When discussing grit, it is important to realize there are actually two types: soluble and insoluble. Soluble forms of grit include cuttlebone, oyster shell, limestone, and gypsum. Soluble grit is dissolved by acids as it passes through the bird's digestive system, therefore there is little danger of it accumulating in the digestive system or causing an obstruction. Because it dissolves, it does little to aid in the digestion of whole seeds. It does, however, serve as a source of calcium and other minerals.
Insoluble grit is generally in the form of silica, and may range in size from sand to small pebbles. Insoluble grit remains in the gizzard and is thought to aid in the mechanical breakdown of food.
I never use Insoluble grit in my birdroom.
I would never be without Oyster shell grit in my birdroom.
Sterilize your eggshells in boiling water and after draining them they can be dried out in the Microwave Oven.
Crush the egg shells using a mortar and pestle, a rolling pin or the back of a table spoon.
These can then be served separately or added to your Oyster shell grit pot.
Now we have a few pointers down on paper regarding calcium perhaps we should include a little on egg binding at this point.
A egg bound hen has used up all her calcium reserves , did the breeder not supply enough calcium or was the hen not eating the available calcium sources .Perhaps catching up a bird that is in the process of laying may have caused the egg to stop moving and she then became bound.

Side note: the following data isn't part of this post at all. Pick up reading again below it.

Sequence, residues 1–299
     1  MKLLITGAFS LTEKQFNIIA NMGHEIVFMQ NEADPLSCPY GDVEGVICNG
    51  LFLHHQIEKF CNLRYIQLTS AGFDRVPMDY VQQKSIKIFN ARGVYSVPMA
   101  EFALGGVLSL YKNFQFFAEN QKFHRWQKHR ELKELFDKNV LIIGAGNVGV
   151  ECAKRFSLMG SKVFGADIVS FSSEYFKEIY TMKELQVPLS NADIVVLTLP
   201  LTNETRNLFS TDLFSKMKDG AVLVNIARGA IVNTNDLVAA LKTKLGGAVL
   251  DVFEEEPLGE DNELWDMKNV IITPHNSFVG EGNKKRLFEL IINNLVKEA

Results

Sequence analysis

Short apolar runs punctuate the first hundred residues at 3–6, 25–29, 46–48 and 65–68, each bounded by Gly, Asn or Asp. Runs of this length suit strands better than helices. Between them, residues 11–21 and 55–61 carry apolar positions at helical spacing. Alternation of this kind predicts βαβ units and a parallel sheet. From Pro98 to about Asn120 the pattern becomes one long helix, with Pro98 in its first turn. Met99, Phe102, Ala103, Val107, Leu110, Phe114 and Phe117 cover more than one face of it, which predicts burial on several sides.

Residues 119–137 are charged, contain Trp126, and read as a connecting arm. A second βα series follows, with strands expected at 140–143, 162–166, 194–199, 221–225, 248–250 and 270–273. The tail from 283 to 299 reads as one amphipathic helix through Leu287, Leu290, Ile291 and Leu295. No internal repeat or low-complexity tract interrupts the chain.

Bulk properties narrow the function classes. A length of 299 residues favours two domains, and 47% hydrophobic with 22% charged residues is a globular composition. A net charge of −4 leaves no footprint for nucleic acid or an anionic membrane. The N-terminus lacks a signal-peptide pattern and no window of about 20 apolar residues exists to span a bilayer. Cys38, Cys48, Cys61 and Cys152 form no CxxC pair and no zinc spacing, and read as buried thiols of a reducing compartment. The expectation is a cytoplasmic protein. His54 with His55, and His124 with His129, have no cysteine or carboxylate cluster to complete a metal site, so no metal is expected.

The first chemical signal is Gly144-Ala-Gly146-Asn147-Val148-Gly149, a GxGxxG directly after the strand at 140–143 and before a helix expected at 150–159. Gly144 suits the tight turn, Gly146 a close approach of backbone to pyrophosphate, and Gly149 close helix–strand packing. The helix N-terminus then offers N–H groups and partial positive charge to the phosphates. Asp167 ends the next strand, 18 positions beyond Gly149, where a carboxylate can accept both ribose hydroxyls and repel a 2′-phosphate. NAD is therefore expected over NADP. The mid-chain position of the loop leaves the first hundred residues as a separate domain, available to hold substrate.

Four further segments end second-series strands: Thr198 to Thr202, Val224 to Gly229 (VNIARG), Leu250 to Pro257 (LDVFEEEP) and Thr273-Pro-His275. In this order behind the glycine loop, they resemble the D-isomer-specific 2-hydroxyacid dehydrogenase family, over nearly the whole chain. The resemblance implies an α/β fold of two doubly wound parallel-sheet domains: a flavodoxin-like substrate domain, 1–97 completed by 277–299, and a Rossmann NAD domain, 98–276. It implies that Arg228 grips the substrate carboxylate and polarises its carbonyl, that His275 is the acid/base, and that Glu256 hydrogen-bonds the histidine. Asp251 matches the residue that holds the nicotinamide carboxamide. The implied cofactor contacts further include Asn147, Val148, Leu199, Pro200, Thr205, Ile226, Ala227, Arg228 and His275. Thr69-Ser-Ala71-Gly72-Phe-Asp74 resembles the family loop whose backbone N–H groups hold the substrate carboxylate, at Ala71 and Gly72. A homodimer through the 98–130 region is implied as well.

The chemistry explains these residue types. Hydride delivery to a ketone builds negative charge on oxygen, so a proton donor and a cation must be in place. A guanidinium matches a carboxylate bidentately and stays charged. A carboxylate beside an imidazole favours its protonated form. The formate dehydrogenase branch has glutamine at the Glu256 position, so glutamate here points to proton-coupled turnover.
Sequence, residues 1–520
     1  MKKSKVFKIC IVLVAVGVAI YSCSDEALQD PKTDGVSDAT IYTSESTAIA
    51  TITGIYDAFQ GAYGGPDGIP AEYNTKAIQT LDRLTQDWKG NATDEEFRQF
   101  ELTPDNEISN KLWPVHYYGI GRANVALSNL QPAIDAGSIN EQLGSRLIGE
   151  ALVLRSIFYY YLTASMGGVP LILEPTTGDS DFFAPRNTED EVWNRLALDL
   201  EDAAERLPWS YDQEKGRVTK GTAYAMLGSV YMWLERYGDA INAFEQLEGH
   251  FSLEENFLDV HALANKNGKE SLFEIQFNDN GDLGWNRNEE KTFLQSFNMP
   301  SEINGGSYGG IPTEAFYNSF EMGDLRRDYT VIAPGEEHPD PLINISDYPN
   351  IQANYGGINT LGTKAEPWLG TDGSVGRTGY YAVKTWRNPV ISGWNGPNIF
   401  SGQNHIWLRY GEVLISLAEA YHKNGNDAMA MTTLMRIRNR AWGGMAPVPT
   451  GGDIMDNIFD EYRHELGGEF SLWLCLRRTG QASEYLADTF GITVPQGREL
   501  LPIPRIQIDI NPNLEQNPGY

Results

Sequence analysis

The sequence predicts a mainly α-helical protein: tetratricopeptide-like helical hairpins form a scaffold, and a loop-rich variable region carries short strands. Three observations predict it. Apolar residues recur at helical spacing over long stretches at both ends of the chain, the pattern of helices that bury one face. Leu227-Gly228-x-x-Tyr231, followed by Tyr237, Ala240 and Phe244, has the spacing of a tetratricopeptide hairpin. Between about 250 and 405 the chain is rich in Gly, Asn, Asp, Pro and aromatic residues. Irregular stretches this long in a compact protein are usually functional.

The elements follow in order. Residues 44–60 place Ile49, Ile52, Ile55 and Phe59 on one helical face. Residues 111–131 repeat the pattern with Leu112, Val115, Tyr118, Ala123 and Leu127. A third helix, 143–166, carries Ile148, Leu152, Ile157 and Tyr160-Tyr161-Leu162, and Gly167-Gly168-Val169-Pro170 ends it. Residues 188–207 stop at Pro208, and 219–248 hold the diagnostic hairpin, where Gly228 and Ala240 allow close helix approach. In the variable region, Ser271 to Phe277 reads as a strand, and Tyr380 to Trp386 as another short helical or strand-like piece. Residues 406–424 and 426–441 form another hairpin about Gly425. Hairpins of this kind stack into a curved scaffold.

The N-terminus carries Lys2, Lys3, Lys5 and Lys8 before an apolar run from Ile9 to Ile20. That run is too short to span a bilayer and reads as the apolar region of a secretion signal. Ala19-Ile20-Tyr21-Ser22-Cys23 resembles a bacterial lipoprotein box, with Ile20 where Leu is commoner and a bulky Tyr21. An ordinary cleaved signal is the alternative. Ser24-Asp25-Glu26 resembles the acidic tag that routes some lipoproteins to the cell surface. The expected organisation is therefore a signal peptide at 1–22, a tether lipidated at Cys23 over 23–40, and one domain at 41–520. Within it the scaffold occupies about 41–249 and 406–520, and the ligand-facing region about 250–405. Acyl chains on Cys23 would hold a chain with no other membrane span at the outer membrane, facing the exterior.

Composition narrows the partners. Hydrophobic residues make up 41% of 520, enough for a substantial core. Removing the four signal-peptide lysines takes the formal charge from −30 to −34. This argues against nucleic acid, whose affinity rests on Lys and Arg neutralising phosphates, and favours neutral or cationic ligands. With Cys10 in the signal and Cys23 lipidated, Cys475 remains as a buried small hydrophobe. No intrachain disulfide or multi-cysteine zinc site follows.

Do not catch up laying hens unless it is considered critical
The early signs of an egg bound hen in distress, notice how the urates are trying to by pass the egg.
Her faecal matter and her urates will back up and poison her system if the egg is not laid very soon.
An egg bound hen is in a critical condition and the egg can press on a nerve and her kidneys causing a slow death.
I had two hens last year that were both egg bound and with a little help they passed their eggs , one of these hens was lame for almost three months due to the egg pressing on a nerve.
An egg bound hen will normally have a shell on it but on occasions there are no shells, she may still be bound but will pass the unshelled egg easier.
An egg bound hen will be fluffed up, tail bobbing, not eating, on the cage floor lethargic and struggling to breathe, unless the egg is passed within twelve hours she may be dead or close to it.
We must help our hen pass the egg and to do that we need Liquid Calcium immediately, mix one ML of Liquid Calcium, add to the Liquid Calcium a couple of drops of Cod Liver Oil (lots of D3 in the oil) and a small pinch of Epsom salts (a source of Magnesium) this needs to be given via a crop tube directly into her crop .
Her crop feed of Liquid Calcium, Cod Liver Oil and Epsom salts should be repeated one hour later.
Do follow the manufactures dilution guidelines for Liquid Calcium.
Your hen needs heat and in the high 80 degrees Fahrenheit it is not too hot, a cheap alternative for a hospital cage is an electric propagator complete with opening vents. Just lay a few shavings on the propagator floor add a millet spray and a dish of water containing liquid calcium. She should pass her egg in a few hours if not an avian vet is urgently required as the egg will need to be surgically removed.
Do not breed from an egg bound hen again that year.
Thanks Soph for the use of your images